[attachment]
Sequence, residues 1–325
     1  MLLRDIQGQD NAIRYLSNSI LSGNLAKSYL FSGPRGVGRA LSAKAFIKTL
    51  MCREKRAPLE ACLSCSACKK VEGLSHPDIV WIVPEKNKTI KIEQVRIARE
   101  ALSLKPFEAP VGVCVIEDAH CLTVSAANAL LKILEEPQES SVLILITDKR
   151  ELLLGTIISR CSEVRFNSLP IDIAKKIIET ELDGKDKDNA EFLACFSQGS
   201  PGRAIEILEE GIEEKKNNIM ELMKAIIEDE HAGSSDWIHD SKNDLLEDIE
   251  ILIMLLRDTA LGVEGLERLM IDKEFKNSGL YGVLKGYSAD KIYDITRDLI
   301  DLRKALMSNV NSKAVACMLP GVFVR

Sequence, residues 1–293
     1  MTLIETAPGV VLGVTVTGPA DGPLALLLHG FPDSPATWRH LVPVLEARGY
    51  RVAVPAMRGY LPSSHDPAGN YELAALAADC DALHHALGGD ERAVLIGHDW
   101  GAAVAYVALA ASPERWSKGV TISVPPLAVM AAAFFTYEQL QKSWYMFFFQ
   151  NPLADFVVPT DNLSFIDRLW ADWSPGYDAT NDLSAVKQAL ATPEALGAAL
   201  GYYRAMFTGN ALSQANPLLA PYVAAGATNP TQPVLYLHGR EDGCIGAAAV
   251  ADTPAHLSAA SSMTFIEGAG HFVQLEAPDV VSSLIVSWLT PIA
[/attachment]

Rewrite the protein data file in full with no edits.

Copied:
Sequence, residues 1–325
     1  MLLRDIQGQD NAIRYLSNSI LSGNLAKSYL FSGPRGVGRA LSAKAFIKTL
    51  MCREKRAPLE ACLSCSACKK VEGLSHPDIV WIVPEKNKTI KIEQVRIARE
   101  ALSLKPFEAP VGVCVIEDAH CLTVSAANAL LKILEEPQES SVLILITDKR
   151  ELLLGTIISR CSEVRFNSLP IDIAKKIIET ELDGKDKDNA EFLACFSQGS
   201  PGRAIEILEE GIEEKKNNIM ELMKAIIEDE HAGSSDWIHD SKNDLLEDIE
   251  ILIMLLRDTA LGVEGLERLM IDKEFKNSGL YGVLKGYSAD KIYDITRDLI
   301  DLRKALMSNV NSKAVACMLP GVFVR

Sequence, residues 1–293
     1  MTLIETAPGV VLGVTVTGPA DGPLALLLHG FPDSPATWRH LVPVLEARGY
    51  RVAVPAMRGY LPSSHDPAGN YELAALAADC DALHHALGGD ERAVLIGHDW
   101  GAAVAYVALA ASPERWSKGV TISVPPLAVM AAAFFTYEQL QKSWYMFFFQ
   151  NPLADFVVPT DNLSFIDRLW ADWSPGYDAT NDLSAVKQAL ATPEALGAAL
   201  GYYRAMFTGN ALSQANPLLA PYVAAGATNP TQPVLYLHGR EDGCIGAAAV
   251  ADTPAHLSAA SSMTFIEGAG HFVQLEAPDV VSSLIVSWLT PIA